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Birds in Town and Village

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About the middle of last May, after a rough and cold period, there came a spell of brilliant weather, reviving in me the old spring feeling, the passion for wild nature, the desire for the companionship of birds; and I betook myself to St. James's Park for the sake of such satisfaction as may be had from watching and feeding the fowls, wild and semi-wild, found gathered at that favored spot.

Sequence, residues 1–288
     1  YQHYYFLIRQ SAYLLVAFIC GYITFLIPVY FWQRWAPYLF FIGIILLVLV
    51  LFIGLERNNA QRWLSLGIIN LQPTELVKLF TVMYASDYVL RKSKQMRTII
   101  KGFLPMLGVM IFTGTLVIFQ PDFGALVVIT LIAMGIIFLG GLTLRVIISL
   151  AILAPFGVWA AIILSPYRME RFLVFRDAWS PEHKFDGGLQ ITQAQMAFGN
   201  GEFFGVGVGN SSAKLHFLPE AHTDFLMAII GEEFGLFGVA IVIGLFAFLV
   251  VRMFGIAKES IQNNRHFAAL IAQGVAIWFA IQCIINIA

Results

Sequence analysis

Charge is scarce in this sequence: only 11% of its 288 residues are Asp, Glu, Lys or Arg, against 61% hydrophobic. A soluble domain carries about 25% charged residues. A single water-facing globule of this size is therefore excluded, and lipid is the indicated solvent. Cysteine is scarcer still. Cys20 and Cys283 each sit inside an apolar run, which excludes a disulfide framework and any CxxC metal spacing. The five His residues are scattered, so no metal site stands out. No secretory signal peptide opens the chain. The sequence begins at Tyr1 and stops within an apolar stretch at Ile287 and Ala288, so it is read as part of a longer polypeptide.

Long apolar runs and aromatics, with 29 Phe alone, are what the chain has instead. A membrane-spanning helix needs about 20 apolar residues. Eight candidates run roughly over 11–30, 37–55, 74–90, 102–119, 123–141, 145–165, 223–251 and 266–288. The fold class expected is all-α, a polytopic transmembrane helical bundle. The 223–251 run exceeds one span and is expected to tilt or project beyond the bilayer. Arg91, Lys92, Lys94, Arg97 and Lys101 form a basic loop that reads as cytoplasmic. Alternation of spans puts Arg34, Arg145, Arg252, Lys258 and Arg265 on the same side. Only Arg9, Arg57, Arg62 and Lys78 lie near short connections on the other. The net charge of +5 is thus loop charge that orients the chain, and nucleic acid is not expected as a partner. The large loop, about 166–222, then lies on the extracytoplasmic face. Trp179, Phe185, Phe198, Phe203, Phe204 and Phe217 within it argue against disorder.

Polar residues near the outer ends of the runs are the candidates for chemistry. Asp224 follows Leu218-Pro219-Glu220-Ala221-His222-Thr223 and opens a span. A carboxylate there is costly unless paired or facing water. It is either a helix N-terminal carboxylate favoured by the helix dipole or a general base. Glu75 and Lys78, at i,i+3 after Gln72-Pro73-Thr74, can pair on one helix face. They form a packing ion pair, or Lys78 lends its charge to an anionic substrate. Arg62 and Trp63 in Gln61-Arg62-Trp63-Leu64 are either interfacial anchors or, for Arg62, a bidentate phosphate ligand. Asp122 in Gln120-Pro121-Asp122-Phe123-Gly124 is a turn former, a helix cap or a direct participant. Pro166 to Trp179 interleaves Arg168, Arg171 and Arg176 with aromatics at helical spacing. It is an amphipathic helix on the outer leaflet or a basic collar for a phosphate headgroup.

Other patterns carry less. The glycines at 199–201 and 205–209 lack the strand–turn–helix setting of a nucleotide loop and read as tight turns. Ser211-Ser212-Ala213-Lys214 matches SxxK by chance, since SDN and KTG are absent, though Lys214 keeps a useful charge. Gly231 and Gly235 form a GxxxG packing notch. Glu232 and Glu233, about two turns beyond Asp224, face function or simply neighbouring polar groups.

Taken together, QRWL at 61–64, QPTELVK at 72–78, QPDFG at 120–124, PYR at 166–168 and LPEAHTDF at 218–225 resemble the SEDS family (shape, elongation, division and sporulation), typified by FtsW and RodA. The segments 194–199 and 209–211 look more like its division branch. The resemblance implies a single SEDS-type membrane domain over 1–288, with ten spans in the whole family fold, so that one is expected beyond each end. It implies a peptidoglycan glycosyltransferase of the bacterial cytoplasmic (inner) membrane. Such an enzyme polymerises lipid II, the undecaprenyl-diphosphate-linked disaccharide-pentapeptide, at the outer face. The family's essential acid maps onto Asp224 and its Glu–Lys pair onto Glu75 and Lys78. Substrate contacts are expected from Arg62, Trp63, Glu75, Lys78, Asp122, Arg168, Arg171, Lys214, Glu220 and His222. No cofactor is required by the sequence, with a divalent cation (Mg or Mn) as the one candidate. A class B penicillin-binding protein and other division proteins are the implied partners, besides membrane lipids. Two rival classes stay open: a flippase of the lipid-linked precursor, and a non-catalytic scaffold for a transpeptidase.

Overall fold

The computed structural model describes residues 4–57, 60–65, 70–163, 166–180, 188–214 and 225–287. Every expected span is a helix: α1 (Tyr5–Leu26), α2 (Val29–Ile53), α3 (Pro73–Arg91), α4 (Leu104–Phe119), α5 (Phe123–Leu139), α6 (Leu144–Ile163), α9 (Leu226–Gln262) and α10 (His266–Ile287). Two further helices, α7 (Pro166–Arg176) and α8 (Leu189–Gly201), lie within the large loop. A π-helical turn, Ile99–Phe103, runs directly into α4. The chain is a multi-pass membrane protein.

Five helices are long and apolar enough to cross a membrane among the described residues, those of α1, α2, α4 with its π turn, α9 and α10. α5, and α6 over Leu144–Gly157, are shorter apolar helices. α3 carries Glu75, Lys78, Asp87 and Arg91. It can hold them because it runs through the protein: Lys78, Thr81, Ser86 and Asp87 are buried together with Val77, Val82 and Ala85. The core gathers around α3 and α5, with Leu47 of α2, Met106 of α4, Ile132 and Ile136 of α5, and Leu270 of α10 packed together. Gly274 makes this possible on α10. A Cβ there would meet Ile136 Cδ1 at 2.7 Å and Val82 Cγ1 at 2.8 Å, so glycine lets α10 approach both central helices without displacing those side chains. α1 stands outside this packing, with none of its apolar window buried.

I was glad to observe a couple of those new colonists of the ornamental water, the dabchicks, and to renew my acquaintance with the familiar, long-established moorhens. One of them was engaged in building its nest in an elm-tree growing at the water's edge. I saw it make two journeys with large wisps of dry grass in its beak, running up the rough, slanting trunk to a height of sixteen to seventeen feet, and disappearing within the "brushwood sheaf" that springs from the bole at that distance from the roots. The wood-pigeons were much more numerous, also more eager to be fed. They seemed to understand very quickly that my bread and grain was for them and not the sparrows; but although they stationed themselves close to me, the little robbers we were jointly trying to outwit managed to get some pieces of bread by flying up and catching them before they touched the sward. This little comedy over, I visited the water-fowl, ducks of many kinds, sheldrakes, geese from many lands, swans black, and swans white. To see birds in prison during the spring mood of which I have spoken is not only no satisfaction but a positive pain; here—albeit without that large liberty that nature gives, they are free in a measure; and swimming and diving or dozing in the sunshine, with the blue sky above them, they are perhaps unconscious of any restraint. Walking along the margin I noticed three children some yards ahead of me; two were quite small, but the third, in whose charge the others were, was a robust-looking girl, aged about ten or eleven years. From their dress and appearance I took them to be the children of a respectable artisan or small tradesman; but what chiefly attracted my attention was the very great pleasure the elder girl appeared to take in the birds. She had come well provided with stale bread to feed them, and after giving moderately of her store to the wood-pigeons and sparrows, she went on to the others, native and exotic, that were disporting themselves in the water, or sunning themselves on the green bank. She did not cast her bread on the water in the manner usual with visitors, but was anxious to feed all the different species, or as many as she could attract to her, and appeared satisfied when any one individual of a particular kind got a fragment of her bread. Meanwhile she talked eagerly to the little ones, calling their attention to the different birds. Drawing near, I also became an interested listener; and then, in answer to my questions, she began telling me what all these strange fowls were. "This," she said, glad to give information, "is the Canadian goose, and there is the Egyptian goose; and here is the king-duck coming towards us; and do you see that large, beautiful bird standing by itself, that will not come to be fed?...